CHIDEYA: So, Jay, when you look at this, you know, topography, there has been the black primary, South Carolina. Do you think that there's a situation coming up where African-Americans have kind of had their say and had their day, or is there going to be a continued focus on how the African-American vote is going to affect the Democratic primary system?

Mr. SMOOTH: That certainly seemed to be what Bill Clinton was implying with his random non sequitur about Jesse Jackson that the black vote had their say in South Carolina. I mean, I think it remains to be seen. And I think those campaign tactics that we saw from the Clintons over the last week will alienate many people, not only black voters, but I think people across the board, like myself, who've always had a fondness and respect for the Clintons even when I disagreed with them on policy.

I feel like what we've seen with this bizarre Jesse Jackson comment and the incident a couple of days before, where we saw Bill Clinton proclaiming that we shouldn't focus on race but going about it in such a way that was basically saying that we shouldn't focus on race the same way that Br'er Rabbit says not to put him in the Briar Patch. He was going about it in such a way that he was guaranteeing the opposite result would come by making such a big show out of proclaiming as he ensured that the race question would be the top story on that evening's news.

So I think it's clear that the Clintons have been playing very cynical games with the race issue, and I think that's leaving a bad taste in a lot of people's mouths. It could come back to hunt them between now and the rest of the primaries.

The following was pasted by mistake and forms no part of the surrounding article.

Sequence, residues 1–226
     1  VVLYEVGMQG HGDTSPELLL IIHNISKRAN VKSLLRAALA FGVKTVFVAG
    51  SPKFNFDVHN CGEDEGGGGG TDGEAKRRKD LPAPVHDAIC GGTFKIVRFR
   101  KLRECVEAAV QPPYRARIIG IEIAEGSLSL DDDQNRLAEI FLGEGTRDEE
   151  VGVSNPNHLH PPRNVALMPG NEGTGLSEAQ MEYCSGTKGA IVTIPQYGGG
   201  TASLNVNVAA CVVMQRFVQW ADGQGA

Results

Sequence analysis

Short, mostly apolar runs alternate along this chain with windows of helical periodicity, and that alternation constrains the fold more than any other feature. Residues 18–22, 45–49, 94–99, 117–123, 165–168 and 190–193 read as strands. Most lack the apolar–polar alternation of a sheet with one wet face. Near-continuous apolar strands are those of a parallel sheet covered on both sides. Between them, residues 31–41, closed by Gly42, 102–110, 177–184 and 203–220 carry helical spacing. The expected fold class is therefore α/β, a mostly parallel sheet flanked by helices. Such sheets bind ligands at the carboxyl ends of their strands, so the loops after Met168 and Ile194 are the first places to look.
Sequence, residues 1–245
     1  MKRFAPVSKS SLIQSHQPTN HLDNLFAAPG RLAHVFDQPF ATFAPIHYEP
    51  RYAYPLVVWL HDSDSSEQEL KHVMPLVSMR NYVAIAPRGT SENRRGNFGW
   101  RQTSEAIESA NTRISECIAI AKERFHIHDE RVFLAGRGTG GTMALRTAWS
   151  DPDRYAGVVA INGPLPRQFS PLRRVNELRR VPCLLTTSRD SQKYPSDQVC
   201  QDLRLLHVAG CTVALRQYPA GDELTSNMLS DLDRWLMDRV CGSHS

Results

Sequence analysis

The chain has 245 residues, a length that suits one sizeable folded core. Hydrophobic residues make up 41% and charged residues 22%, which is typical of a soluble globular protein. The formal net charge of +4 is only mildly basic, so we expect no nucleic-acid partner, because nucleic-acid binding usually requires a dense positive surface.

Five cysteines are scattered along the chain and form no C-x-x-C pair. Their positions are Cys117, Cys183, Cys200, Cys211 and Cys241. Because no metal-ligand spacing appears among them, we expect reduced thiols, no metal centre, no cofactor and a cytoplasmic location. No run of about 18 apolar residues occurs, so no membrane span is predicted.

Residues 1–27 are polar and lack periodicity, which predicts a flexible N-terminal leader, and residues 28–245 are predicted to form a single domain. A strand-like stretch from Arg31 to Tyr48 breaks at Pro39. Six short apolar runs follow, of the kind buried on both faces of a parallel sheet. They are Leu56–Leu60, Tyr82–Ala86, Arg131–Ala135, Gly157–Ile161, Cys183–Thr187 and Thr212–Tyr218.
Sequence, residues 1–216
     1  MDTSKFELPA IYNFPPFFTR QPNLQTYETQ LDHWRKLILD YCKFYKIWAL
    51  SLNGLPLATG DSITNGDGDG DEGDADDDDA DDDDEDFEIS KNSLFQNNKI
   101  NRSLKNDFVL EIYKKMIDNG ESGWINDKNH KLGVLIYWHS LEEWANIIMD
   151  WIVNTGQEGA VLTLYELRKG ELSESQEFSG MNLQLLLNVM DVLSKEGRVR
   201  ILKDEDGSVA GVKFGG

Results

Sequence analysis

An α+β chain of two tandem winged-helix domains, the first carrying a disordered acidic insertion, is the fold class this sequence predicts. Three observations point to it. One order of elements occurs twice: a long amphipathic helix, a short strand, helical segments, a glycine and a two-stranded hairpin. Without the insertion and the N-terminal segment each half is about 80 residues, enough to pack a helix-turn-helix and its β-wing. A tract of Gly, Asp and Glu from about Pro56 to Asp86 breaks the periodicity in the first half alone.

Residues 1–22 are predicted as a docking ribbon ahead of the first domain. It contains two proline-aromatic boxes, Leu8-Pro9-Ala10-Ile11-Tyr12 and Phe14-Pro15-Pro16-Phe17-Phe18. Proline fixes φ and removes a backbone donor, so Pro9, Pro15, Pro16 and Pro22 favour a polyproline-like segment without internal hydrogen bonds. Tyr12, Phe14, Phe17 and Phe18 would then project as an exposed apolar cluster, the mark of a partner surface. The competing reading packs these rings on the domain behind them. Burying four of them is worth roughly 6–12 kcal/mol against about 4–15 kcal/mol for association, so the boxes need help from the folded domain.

CHIDEYA: All right.

Mr. BROWN: I agree. And one more point, Farai, I want to make is the fact that the victory speech that Obama gave Saturday should be the mainstay for the rest of his campaign because that was an amazing speech.

CHIDEYA: All right guys. I am going to have to come back to you. I'm speaking to Patrice Elizabeth Grell Yursik of, Eric Brown of the Detroit News' political and government blog and Jay Smooth of We'll be back with more Bloggers Roundtable shortly.

(Soundbite of music)

CHIDEYA: I'm Farai Chideya, and this is NEWS & NOTES.

We're back with more buzz from the blogosphere. I'm talking with Patrice Elizabeth Grell Yursik, creator of; Eric Brown, blogger for the Detroit News' political and government blog; and Jay Smooth who videoblogs at

So welcome back, folks. And I'm going to jump right into it. So, Jay, you are in New York. I lived there for a long time, and folks had some very strong opinions and different ways about Rudy Giuliani. So how do New Yorkers now feel about what the former mayor is doing in the campaign? Has he lost his 9/11 luster?

Mr. SMOOTH: That certainly seems to be the case. And, I mean, I think I'm one of many New Yorkers who's basically reveling in Giuliani's humiliation at this point. I mean, we've seen the stubbornness that always characterized his presence here be his downfall. Everyone told him that you couldn't ignore those early states, and he tried to go against the grain with that. And it seems like it's going to be his downfall here. So I think, you know, that all the shortcomings that we knew so well would be what did him, but it seems like getting to know him, you know, didn't even have an opportunity to be what brought him down. This initial strategic error is ruining him. So, I mean, I think, this is karmic retribution that was a long time coming for Giuliani in my opinion.